Photos and Review by Oyster.com Investigators.
Native American-inspired design and decor, with a focus on local art and culture
Perhaps the only building in New Mexico that has been photographed more often than the Inn at Loretto is the one that provided the inspiration for the hotel, the famed Taos Pueblo. The Loretto imitates the classic design of the centuries-old Native American community, featuring tan adobe walls, extruding pine beams, and a multi-tiered building arrangement.
The lobby is small, but appealing, with floor-to-ceiling wood pillars, colorful Native rugs, and plenty of local artwork. The adobe walls are whitewashed, giving the hallways a resemblance to the interior of a Spanish mission. Next to the is the Living Room Lounge -- a big, charming space with a bar, tables, fireplace, and small library. Decor inspired by the local culture is everywhere in the form of baskets, pottery, carvings, and horned .
More local flavor can be found at the hotel's indoor retail section, which includes a jewelry store, art galleries, gift shops, and an entrance to the Loretto Chapel, a gorgeous, Gothic Revival style church built in the 1870s that features the eye-catching Miraculous Staircase. Even takes its inspiration from Santa Fe's distinct culture, as its extensive array of treatments include Native American-inspired rituals and the use of traditional herbs.
Out back, the pool is large enough for doing laps. However, there is no Jacuzzi. The surrounding and gardens are quite pleasant, with lounge chairs placed underneath trees. Adding to the general romantic ambience are the church bells that ring every hour.
One block from the Plaza, within walking distance of shops, museums, and other attractions
The Loretto is located one block from the Plaza, putting guests within easy walking distance of the many attractions surrounding Santa Fe’s cultural hub. Guests are charged a daily fee for valet parking. No shuttle service is offered.
Santa Fe means “Holy Faith” in Spanish and is home to about 70,000 people of varying cultural backgrounds including Hispanics, Native Americans, and Anglos. New Mexico’s fourth-largest city is also the nation’s highest capitol and its oldest: It was founded in 1607.
The “City Different,” as it’s known, sits at an elevation of 7,000 feet at the southern edge of the Rockies, in the Sangre de Cristo Mountains. Although the cool summer hiking and skiing in winter offer great reasons to visit, it’s best to keep in mind that the high elevation also means more stress for the body while acclimating. Most people become used to the thinner air after two or three days which means that strenuous physical activity will become easier and less dangerous if you wait a day or two after arriving in town. One more caution - one alcoholic drink at this altitude will equal three drinks at sea level!
The Spanish influence seen so often throughout Santa Fe stems from the missionaries who arrived in the 1600s to convert the local Native American population. Old missions such as the San Miguel can be seen scattered across New Mexico and offer a fascinating glimpse into the region’s history. Often times, these missions are located at or near Native American pueblos, such as Tesuque or Cochiti, which are home to the various Pueblo peoples. Visiting New Mexico’s pueblos offers a chance to interact with the locals, purchase art and wares, and gain a better appreciation of New Mexico’s rich history.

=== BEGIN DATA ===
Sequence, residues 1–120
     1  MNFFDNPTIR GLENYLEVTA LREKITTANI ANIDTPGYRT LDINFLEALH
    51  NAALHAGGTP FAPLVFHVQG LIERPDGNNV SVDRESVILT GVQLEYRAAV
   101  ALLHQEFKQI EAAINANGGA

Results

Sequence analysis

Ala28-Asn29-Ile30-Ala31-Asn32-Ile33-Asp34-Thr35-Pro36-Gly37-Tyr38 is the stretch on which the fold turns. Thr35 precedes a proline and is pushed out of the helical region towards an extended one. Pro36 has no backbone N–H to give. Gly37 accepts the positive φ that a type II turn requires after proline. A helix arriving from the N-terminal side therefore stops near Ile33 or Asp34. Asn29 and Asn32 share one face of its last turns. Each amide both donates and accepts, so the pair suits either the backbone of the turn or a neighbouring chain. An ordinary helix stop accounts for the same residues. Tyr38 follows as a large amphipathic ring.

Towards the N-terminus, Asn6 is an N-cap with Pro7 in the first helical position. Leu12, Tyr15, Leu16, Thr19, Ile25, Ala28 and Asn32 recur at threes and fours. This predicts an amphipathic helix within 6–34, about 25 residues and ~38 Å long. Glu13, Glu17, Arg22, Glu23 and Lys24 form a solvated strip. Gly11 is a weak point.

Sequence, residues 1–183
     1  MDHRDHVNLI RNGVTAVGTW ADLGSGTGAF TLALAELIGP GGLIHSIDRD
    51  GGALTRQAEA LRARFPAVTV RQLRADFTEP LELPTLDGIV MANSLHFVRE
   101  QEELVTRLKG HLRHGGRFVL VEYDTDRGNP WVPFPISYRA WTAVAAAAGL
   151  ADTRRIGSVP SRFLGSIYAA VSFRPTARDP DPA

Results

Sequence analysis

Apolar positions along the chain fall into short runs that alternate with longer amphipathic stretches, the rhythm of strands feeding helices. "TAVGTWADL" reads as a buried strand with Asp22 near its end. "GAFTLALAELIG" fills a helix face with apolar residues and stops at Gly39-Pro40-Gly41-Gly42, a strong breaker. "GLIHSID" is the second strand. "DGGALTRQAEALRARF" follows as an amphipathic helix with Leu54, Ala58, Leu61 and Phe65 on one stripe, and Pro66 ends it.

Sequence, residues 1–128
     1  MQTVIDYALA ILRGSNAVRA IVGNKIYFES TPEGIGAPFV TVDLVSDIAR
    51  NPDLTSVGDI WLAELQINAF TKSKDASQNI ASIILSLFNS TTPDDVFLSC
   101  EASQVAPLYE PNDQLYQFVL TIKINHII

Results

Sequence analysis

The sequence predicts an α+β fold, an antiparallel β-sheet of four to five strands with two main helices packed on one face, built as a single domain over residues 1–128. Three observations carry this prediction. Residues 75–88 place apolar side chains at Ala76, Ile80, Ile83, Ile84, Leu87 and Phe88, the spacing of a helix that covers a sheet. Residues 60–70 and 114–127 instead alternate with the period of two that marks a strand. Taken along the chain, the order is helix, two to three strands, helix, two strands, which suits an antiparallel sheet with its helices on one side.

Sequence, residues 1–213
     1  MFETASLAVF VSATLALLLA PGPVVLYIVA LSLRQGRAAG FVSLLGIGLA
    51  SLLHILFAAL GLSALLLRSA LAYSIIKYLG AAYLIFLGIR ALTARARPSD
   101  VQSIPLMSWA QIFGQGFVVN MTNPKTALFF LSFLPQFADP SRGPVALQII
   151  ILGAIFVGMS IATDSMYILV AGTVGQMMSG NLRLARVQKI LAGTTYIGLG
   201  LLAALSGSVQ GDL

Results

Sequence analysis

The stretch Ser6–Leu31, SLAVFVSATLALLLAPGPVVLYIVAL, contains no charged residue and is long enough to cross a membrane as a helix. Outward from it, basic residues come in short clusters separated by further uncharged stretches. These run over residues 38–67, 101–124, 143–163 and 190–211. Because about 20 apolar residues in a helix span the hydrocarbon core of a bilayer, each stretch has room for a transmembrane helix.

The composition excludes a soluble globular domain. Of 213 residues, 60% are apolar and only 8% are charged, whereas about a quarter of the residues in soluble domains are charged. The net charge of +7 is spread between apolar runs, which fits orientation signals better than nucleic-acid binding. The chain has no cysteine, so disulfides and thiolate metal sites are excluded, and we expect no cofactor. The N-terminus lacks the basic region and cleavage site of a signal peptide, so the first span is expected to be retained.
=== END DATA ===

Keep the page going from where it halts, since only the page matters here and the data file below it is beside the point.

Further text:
Today, Santa Fe is the nation’s third-largest market for buying and selling art. In addition to the many galleries at the Plaza and along Canyon Road, several museums including the New Mexico Museum of Art and the Georgia O’Keefe Museum (showcasing the painter’s long relationship with New Mexico) celebrate the creative spirit in Santa Fe.
The Loretto's 129 rooms and five suites offer a combination of luxe amenities and Pueblo Indian-style decor. The Native American look comes through in the dark wood furniture, white ceilings, and red walls -- some of which are decorated with zigzag patterns representing lightning bolts. A faux, kiva-style fireplace containing candles comes with some rooms, while real fireplaces are included in the suites. Hand-carved wood chests and furniture add to the warm, earthy feel, and teddy bears on the beds are a charming touch. High-tech features include 42-inch flat-screen TVs and Wi-Fi -- many rooms also offer iPod docks. Balconies are available with most rooms and the views are stellar from the upper floors. Bathrooms have stone tile floors and porcelain sinks with old-timey charm, but almost no counter space.
Luminaria Restaurant is renowned for its “Conscious Cuisine” that is served up for breakfast, lunch, and dinner. Locally obtained ingredients are used as much as possible, consistent with the Loretto’s dedication to operating an environmentally-conscious hotel. The menu is seasonal and offers some organic selections. Outdoor seating is available during warmer months.
This upscale property has a long-standing reputation as one of the finer inns in Santa Fe. A historic chapel adjoins the hotel, the location by the Plaza can't be beat, and the decor is classic southwestern. Highlights include the stylish Luminaria Restaurant that is renowned for its fresh, organic cuisine, and The Spa at Loretto, popular for its varied array of treatments. Rooms have a warm, earthy feel and offer high-tech amenities such as flat-screen TVs and iPod docks, but some are on the small side.